Topoclimate versus macroclimate: how does climate mapping methodology affect species distribution models and climate change projections?

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Slavich, Eve, David I. Warton, Michael B. Ashcroft, John R. Gollan, and Daniel Ramp
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Aim: We analyse how and why ‘topoclimate’ mapping methodologies improve on macroclimatic variables in modelling the distribution of biodiversity. Further, we consider the implications for climate change projections.

Location: Greater Hunter Valley region (c. 60,000 km2), New South Wales, Australia.

Methods:We fitted generalised linear models to 295 species of grasses and ferns at fine resolutions (< 50 m2) using (a) macroclimatic variables, interpolated from weather station data using altitude and location only, (b) topoclimatic variables, interpolated from field measurements using additional climate-forcing factors such as topography and canopy cover, and (c) both topoclimatic and macroclimatic variables. We conducted community-level analyses and examined the reasons for differences through single-species analyses. We projected species distributions under 0–3° warming, comparing biodiversity loss predicted by topoclimate and macroclimate variables.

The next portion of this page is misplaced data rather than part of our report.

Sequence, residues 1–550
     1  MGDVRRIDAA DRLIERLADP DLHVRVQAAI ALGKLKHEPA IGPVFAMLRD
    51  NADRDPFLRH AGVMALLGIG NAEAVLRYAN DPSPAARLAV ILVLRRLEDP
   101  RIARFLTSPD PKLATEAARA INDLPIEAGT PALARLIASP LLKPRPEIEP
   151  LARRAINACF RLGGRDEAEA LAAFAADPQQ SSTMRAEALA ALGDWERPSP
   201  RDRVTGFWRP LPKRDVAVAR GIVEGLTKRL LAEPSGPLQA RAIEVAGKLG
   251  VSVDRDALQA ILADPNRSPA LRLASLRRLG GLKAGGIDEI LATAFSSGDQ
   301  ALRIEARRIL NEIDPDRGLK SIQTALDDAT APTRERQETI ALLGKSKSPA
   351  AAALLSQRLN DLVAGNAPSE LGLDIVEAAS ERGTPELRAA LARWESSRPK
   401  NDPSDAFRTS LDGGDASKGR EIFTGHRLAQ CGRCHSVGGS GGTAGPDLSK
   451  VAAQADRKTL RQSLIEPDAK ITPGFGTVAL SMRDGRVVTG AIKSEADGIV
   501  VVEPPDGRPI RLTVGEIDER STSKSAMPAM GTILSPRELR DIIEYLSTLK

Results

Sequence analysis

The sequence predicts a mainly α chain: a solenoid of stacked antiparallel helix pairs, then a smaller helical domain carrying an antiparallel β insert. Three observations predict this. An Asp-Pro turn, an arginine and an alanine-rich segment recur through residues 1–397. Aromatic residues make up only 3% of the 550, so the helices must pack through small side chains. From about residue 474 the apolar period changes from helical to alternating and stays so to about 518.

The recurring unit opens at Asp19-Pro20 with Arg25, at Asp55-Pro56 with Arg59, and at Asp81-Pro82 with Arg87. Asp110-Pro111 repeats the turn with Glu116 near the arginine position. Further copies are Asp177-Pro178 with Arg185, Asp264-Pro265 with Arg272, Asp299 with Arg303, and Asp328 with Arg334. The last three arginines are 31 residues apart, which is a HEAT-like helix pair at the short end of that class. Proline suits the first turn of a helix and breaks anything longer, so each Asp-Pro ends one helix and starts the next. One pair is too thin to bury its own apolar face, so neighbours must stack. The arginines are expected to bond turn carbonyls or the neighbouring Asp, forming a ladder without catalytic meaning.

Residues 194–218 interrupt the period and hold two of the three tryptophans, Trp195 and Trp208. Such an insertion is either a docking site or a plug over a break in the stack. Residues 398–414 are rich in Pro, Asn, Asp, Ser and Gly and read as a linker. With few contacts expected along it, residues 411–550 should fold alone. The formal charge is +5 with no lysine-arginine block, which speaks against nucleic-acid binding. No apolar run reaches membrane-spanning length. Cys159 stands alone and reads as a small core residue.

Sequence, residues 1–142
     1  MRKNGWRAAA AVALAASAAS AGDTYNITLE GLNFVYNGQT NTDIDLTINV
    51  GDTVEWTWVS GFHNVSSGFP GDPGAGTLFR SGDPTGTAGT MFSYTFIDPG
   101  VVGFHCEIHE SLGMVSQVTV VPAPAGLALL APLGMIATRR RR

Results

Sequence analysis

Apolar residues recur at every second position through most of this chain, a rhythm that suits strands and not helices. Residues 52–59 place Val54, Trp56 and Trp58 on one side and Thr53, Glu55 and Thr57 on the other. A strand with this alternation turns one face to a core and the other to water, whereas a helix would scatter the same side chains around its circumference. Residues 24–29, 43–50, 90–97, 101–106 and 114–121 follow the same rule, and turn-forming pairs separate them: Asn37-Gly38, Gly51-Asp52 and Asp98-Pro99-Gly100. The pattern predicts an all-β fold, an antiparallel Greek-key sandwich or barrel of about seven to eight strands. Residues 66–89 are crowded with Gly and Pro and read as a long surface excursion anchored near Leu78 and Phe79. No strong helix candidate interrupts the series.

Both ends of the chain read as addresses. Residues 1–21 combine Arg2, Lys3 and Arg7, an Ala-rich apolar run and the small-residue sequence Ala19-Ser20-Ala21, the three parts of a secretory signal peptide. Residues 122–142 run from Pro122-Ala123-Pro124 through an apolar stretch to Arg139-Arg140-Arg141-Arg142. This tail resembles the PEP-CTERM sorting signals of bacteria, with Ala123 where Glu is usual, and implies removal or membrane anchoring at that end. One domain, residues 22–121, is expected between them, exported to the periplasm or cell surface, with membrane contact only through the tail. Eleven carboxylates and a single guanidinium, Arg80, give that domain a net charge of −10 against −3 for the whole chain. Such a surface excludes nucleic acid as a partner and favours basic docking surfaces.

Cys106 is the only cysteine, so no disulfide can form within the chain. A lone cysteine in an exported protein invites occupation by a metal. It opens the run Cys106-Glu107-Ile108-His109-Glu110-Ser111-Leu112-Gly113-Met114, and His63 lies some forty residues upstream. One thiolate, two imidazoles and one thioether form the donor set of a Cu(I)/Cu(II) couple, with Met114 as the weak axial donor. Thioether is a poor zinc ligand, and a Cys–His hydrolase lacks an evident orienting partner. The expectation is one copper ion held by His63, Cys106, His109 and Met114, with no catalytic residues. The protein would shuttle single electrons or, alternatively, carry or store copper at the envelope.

Results: At the community level, the topoclimatic variables explained significant variation (p < 0.002) in the distribution of both ferns and grasses not explained by macroclimatic variables, resulting in increases of 0.036–0.061 in the pseudo R-squared. Topoclimate performed better (as determined by AIC) than macroclimate for grass species living in cold extremes under topoclimate and most fern species. Models using topoclimatic temperature variables projected different locations of biodiversity loss/retention and in general projected substantially fewer species becoming critically endangered in the study region than models using macroclimatic temperature variables – in one scenario, topoclimate projected 10% of species becoming critically endangered where macroclimate projected 28%.

Main Conclusions: How climate variables are constructed has a significant effect on species distribution models and any subsequent climate change predictions. Misleading conclusions may result from models based on fine-resolution climate data if climate-forcing factors such as cold air drainage, topography and habitat have not been addressed in the climate mapping methodology.


Slavich, Eve, David I. Warton, Michael B. Ashcroft, John R. Gollan, and Daniel Ramp. 2014. “Topoclimate versus Macroclimate: How Does Climate Mapping Methodology Affect Species Distribution Models and Climate Change Projections?” Diversity and Distributions, May, 20:952-963. doi:10.1111/ddi.12216.